Warm intervals in geological time are increasingly used to understand feedbacks, processes and impacts of climates warmer than society has ever experienced. The Late Pliocene (3.6-2.6 million years ago) is one such warm interval that has been the focus of considerable research in the past 5 years. Pollen preserved in the same sedimentary sequences as the gold of the Klondike mining region of the Yukon, Canada provides evidence of how warm the Pliocene was. Pollen fossilises really easily and as it is small (on average around 0.005cm) you don't need to process a lot of sediment to extract it. Pollen is also incredibly diverse and different structures and morphologies allow it to be connected back to it's parent plant. Giving palynologists (palaeontologists who study pollen) the opportunity to reconstruct the vegetation that once grew in an area.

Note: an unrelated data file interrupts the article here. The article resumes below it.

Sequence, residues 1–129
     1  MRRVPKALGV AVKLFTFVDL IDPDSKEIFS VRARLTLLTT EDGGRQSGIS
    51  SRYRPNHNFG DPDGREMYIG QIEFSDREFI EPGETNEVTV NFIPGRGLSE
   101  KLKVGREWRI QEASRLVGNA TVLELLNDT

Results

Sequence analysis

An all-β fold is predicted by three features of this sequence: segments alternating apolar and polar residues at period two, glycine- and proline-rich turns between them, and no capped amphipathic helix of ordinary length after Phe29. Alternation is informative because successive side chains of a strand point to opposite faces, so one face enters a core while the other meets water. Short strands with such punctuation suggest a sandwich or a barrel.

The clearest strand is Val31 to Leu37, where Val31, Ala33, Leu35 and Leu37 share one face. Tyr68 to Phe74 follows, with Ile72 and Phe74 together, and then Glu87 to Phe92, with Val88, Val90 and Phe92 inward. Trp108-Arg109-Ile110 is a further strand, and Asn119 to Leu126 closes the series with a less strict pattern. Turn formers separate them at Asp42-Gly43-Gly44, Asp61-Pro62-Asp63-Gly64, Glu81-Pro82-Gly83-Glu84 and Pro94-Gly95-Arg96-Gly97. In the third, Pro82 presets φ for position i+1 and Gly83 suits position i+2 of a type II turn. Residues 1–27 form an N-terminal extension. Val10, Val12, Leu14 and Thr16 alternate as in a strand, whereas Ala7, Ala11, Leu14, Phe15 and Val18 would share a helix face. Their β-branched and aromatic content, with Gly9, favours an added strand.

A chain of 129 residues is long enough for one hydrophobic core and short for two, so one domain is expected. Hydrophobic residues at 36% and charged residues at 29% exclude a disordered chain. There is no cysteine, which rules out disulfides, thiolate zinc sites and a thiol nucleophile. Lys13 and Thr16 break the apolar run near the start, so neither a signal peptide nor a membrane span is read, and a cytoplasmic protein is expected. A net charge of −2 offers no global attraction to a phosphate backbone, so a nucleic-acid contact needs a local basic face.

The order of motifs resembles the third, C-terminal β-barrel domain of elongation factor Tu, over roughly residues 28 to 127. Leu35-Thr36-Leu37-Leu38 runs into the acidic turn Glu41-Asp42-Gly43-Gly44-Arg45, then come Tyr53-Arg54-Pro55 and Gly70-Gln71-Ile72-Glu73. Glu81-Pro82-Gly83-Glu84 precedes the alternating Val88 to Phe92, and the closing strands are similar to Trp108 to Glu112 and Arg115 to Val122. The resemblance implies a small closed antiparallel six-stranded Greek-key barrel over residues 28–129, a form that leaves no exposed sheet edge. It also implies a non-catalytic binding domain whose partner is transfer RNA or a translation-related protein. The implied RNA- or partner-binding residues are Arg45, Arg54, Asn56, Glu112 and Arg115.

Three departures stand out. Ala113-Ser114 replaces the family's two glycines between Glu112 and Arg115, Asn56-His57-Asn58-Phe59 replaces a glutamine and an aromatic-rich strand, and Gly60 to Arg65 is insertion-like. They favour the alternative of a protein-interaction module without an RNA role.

Today the Klondike Mining region has a mean annual temperature of -5C, long cold winters of -23 to -32C and short mild summers of 10-15C. The vegetation that produced the fossil pollen could only have grown in a climate with a mean annual temperature of 1-12C, with winters close to 0C and longer summers. So how much CO2 do you need to generate this level of warming? Well Pliocene CO2 reconstructions are typically between 350-400 ppmv. Our current atmospheric levels? 399 ppmv (www.co2now.org).